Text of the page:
But that’s not what the angel announced, is it? The birth of Christ does not simply give us a fleeting emotion, happiness that is here today and gone tomorrow. No—we heard what the first angel who spoke to the shepherds said: “I am bringing you good news of great joy for all the people.” Happiness is largely based on what is visible here and now—but joy arises from the Good News that what we see now is not all there is. That is why even when it’s hard to be happy because of the state of the world, the angel still declares “good news of great joy”. What the shepherds will discover, what all who seek Christ may find, is the joy that comes from knowing God born in human flesh, here among us. Joy because God has chosen such a path, has chosen us, has chosen this very world with all its brokenness and grief, to be born into as Jesus Christ. Joy because the child born this night comes as the visible presence of the invisible One, declaring God’s ways and showing God’s mercies. Joy because even when Christ himself was arrested and condemned by the same sinful powers thirty years later, he told his followers: “So you have pain now; but I will see you again, and your hearts will rejoice, and no one will take your joy from you.” (John 16:22) Not even the emperor.
This is the joy of faith in Jesus Christ. This is why we sing, and why we gather this night. Because God has come to be with us in Jesus Christ, walking beside us through pain and suffering, confronting the powerful and shielding the weak, then hallowing even the grave itself as a doorway to eternal life. This is the irrepressible, infectious joy which has come among us in Jesus Christ.
Several years ago, the flu season was so bad that churches took months-long breaks from “Passing the Peace” because they were afraid of passing germs instead. There is another kind of bug to be aware of in the church this night. Listen to how a global pandemic started with the first Christmas Eve, in the words of Michael Coffey’s poem “Sympathy for the Emperor at Christmastime”:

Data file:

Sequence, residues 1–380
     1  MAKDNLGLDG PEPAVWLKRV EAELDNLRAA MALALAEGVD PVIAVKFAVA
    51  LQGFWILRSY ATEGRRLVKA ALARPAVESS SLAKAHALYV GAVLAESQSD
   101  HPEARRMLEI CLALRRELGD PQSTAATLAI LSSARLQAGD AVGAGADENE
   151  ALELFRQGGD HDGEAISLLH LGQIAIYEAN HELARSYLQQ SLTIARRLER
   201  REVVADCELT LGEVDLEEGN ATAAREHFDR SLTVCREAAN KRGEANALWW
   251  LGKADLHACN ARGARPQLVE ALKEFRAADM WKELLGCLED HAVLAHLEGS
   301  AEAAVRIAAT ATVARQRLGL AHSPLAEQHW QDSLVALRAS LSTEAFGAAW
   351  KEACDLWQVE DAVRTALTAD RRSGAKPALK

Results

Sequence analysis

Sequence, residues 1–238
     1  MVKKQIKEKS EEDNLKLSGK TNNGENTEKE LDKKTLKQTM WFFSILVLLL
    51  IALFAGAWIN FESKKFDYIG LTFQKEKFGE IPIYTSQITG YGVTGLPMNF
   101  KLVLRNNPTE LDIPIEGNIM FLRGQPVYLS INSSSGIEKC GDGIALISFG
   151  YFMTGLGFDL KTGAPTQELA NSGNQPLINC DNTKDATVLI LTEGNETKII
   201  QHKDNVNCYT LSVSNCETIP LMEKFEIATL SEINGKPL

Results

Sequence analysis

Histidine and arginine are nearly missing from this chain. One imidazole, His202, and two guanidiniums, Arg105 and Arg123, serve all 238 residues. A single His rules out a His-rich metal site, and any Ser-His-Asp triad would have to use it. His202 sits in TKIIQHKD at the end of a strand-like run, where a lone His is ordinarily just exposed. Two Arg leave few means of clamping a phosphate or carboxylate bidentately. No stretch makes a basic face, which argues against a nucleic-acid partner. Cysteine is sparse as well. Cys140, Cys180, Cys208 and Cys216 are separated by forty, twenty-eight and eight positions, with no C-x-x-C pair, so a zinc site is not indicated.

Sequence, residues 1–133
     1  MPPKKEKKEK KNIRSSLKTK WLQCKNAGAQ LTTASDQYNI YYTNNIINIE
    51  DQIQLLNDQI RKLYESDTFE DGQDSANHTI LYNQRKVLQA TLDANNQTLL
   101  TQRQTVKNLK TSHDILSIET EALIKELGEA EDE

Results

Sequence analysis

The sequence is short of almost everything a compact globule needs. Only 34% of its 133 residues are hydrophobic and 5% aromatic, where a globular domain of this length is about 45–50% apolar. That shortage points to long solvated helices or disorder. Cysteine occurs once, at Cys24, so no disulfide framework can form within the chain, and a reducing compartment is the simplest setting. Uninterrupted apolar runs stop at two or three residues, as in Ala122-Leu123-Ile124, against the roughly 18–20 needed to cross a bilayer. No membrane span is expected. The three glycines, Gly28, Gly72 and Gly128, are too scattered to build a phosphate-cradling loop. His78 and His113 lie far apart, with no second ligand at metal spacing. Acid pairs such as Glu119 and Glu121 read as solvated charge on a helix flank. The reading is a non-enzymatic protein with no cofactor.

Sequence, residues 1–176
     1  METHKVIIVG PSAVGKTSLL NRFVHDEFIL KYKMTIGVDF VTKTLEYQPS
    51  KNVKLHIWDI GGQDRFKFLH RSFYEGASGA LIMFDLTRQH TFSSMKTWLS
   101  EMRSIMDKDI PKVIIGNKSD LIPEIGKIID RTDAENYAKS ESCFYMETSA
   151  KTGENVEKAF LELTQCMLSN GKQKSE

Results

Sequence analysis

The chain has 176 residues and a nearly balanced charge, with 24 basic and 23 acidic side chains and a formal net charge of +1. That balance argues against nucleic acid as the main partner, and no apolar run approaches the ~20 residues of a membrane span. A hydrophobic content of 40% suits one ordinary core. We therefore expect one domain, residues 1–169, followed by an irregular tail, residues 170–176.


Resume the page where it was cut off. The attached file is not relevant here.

The outbreak of newness was contagious as a song
containment was unmanageable even with
the emperor’s hierarchy and stranglehold of peace
The first case was reported in a barn where
people and domesticated animals share germs
freely and misery and hunger and cold and labor
From there it was thought to spread to a small band
of sheep herders and a rustic village pub where they
drank pints and harmonized, that may have been where
the traveler was infected with the joy virus
and spread it upstate to an unsuspecting pessimist
who took drugs at first to stop the unusual feeling
From there no one is sure how it became global
other than the emperor and all inoculated like him
did their royal best to control and spin the good news
birthed that night, but the more they pressed down
the more it lifted up, the more they schemed
the more the glad spirit frustrated their ways
so that anywhere the ease of God disrupts the disease
of power, hidden births of faith and love and mercy
appear and people sing and someone else catches it
Beloved of God, the joy virus is loose in the world. Patient Zero was Jesus himself, and that joy has been shared through the centuries since. Once infected, we learn to recognize that the powers of the world and the news of the day are not all there is—not by a long shot. We find the ability to dance unreasonably in the mysteries of children, snowflakes, peacemaking, and other fragile things.
How will joy spread in the world next? Through you?
Let us pray: God of joy, fill us with the awe and wonder of that first Christmas night, then send us forth as your contagious messengers with good news of great joy in Jesus Christ. Amen.